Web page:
Daily Management Review

Negative Rate Move by Some Central Banks Supported by IMF


04/11/2016




Negative Rate Move by Some Central Banks Supported by IMF
A move to negative rates by some of the world's central banks would help deliver extra monetary stimulus and ease lending conditions, said the International Monetary Fund on Sunday.
 
Around a quarter of the world economy by output is now experiencing official rates that are less than zero as in the last few months six of the world's central banks have introduced negative rates - most notably the Bank of Japan and the European Central Bank.
 
This has been achieved by the banks through the strategy of cutting deposit rates into negative territory which ranges from a minus five basis points cut in Hungary to a minus 125 basis points in Sweden which essentially translates in to the clients having to pay a "tax" on the deposits kept in the banks.
 
"Although the experience with negative nominal interest rates is limited, we tentatively conclude that overall, they help deliver additional monetary stimulus and easier financial conditions, which support demand and price stability," the IMF’s financial counselor and director of monetary and capital markets, Jose Vinals, wrote in a research paper.
 
The International Monetary Fund is to hold a meeting in Washington next week and the report preceded that meeting.
 
In a bid to halt currency appreciation against the euro, the strategy for negative interest rates was first adopted in Sweden, Denmark and Switzerland. These banks have now been followed by Hungary’s central bank which has also joined the move.
 
The move to negative rates, critics argue, are a sign of desperation, especially in Japan where the central bank has failed to ignite growth or shift inflation upwards. Instead of a more loose monetary policy, critics say that what is needed is additional government spending which can boost up inflation as well as the economy.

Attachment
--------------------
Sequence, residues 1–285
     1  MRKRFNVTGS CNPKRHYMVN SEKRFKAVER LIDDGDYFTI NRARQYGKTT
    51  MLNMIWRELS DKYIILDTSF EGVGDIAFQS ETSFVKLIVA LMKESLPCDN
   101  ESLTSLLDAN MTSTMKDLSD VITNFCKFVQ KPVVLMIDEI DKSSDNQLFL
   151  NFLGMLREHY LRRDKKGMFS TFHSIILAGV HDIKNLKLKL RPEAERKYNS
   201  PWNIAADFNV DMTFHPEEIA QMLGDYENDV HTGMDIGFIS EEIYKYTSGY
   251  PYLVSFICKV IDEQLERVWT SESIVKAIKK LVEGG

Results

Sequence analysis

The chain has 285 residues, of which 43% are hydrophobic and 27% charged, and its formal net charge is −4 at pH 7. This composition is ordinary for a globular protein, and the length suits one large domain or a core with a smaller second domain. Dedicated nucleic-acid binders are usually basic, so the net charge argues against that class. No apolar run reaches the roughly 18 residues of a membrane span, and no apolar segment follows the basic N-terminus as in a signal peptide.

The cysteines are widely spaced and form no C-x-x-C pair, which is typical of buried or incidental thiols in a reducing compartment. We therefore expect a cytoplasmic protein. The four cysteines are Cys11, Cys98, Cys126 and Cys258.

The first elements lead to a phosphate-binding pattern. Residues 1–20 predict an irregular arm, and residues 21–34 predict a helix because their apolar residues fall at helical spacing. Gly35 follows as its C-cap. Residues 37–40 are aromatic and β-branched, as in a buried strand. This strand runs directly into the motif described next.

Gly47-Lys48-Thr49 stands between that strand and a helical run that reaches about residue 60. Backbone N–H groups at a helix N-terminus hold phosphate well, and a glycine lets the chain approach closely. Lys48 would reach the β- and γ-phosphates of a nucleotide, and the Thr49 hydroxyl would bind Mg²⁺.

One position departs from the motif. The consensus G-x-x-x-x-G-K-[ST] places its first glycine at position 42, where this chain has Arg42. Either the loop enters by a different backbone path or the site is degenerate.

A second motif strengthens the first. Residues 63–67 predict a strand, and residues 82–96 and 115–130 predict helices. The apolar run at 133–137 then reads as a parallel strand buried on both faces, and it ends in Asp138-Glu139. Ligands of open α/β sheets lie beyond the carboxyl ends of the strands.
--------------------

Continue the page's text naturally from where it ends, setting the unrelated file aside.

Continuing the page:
Inflating the financial market asset bubbles and squeezing bank profit margins are some of the damaging consequences of the move, claim the critics opposed ot the strategy of negative interest rates.
 
Negative rates had encouraged investors out of low risk government bonds and reduced borrowing costs for companies were the consequences of the negative interest rates as show by evidence, claimed the IMF.
 
In most cases lending rates had fallen since the introduction of negative rates by central banks, despite a squeeze on net interest margins, the IMF said even while admitting that the picture was mixed for banks.
 
There were limits to the effectiveness of negative rates, warned the fund. Cash settlement would rise, effectively undermining the policy, if they remained negative for too long, said the Fund. It estimated that the tipping point for a move into cash would come between 75 and 200 basis points.

The Fund warned that negative interest rates might also encourage excessive risk-taking and build financial market bubbles apart from undermine the viability of life insurers, pensions and savings if the negative rates were continued  in the long term.
 
(Source:www.reuters.com) 






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